Money is pouring out at a record pace as inflows dwindle. The rand has plunged and unemployment is the highest among almost 40 developing nations tracked by Bloomberg. Drought is driving up food costs. Hanging in the balance is the investment- grade credit rating South Africa sweated to achieve in 2000, shortly after Nelson Mandela left office.
South Africans are paying the price not just for a collapse in commodities prices – metals and mining contribute more than 50% of exports – but for growing questions over whether President Jacob Zuma is up to the task. Stoking doubts were the antics at the finance department in December, when Zuma removed Nhlanhla Nene and replaced him with little-known lawmaker David van Rooyen. As bond yields soared and the rand crashed, he changed his mind four days later and installed Pravin Gordhan, Nene’s predecessor.
“The country still faces serious structural challenges, and the changes at the top of the finance ministry just reconfirmed the policy risks,” says Viktor Szabo, who helps manage $12-billion of emerging-market debt at Aberdeen Asset Management. “Things could get worse.”
A key test looms February 24 when Gordhan presents the national budget to lawmakers. He has said the government will do everything necessary to avoid a downgrade to junk, including reining in free-spending state enterprises and sticking to expenditure ceilings.
“The trust towards South Africa disappeared,” said Hakan Aksoy, a London-based bond fund manager at Pioneer Investment Management in London, which oversees $244–billion.
Since multiracial elections brought Mandela to power in 1994, the economy has grown an average of 3% a year, enabling the ruling African National Congress to provide housing, water and electricity to millions of households and extend social grants to more than 16-million people, while cutting government debt. The country’s benchmark stock index soared to a record less than a year ago, while bond yields fell to record lows.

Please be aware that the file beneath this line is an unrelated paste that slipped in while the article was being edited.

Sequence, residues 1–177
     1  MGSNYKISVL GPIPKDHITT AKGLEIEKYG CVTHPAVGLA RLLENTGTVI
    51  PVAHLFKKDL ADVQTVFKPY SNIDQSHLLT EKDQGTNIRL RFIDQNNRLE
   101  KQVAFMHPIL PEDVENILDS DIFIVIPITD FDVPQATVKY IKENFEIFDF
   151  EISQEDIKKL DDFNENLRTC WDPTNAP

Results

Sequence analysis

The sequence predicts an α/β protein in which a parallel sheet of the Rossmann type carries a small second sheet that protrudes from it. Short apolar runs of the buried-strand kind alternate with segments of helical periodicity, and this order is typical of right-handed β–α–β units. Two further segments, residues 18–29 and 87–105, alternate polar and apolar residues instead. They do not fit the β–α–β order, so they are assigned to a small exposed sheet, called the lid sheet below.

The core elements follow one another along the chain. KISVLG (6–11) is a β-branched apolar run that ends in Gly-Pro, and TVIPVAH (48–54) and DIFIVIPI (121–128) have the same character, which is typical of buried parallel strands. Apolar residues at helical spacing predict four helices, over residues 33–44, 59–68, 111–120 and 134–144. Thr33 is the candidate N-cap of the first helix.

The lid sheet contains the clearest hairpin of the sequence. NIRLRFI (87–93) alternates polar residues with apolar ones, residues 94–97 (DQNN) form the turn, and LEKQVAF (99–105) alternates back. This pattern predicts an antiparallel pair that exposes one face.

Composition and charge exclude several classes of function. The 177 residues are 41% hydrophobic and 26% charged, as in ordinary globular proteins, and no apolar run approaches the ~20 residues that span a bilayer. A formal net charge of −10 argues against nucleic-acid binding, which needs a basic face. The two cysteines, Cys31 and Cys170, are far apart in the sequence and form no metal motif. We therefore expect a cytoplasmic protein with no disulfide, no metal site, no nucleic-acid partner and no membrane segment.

Since then, the bottom has fallen out. The commodity rout could leave the economy growing at the slowest pace this year since 2009. The country narrowly avoided a recession during the third quarter, posting annualised expansion of 0.7%. Fitch Ratings on December 4 cut South Africa’s credit rating one level to BBB-, the lowest investment grade, and in line with the assessment of Standard & Poor’s, which lowered its outlook to negative from stable on the same day.
Gordhan, and increasingly Zuma too, recognise the challenge. In the past month, the finance minister has held meetings with heads of the country’s biggest companies to ask their advice on ways to stimulate the economy, while Zuma promised measures to appease the rating companies, including spending restraints and privatisation of some state-owned companies. The rand has recovered some losses, gaining 3.1% against the dollar in February after plunging 27% in the previous 12 months, and bond yields fell.
While Gordhan’s statements since taking office have been “good signals”, they may not be enough, according Konrad Reuss, S&P’s managing director for Africa. South Africa’s “dismal” growth is the rating company’s biggest concern, while policy will remain under close scrutiny following the replacement of the finance minister, he said.
His skepticism is reflected in accelerating capital flight. Domestic investors more than doubled the amount sent overseas to R24.2-billion in the third quarter from R10-billion in the previous three months, according to central bank data. Foreign investors sold a net R43-billion of stocks and bonds in the final five months of 2015; there’s no sign they’re returning, with net outflows this year at R20-billion as of February 19.
While South Africa’s hardly alone among emerging-market nations that rely on commodity exports – Brazil and Russia, among others, have seen their currencies tumble and ratings reduced to junk – the policy bungles came at the worst possible time. And with local elections looming this year, Gordhan will have to convince investors he can withstand political pressure to increase spending.
“We are likely to remain quite cautious at current prices,” said Kieran Curtis, the London-based director of investment at Standard Life Investments, which oversees about $436-billion and is underweight South African debt. “The wish list of things that investors have is quite long and not really very achievable with the current political dynamic.” – Bloomberg.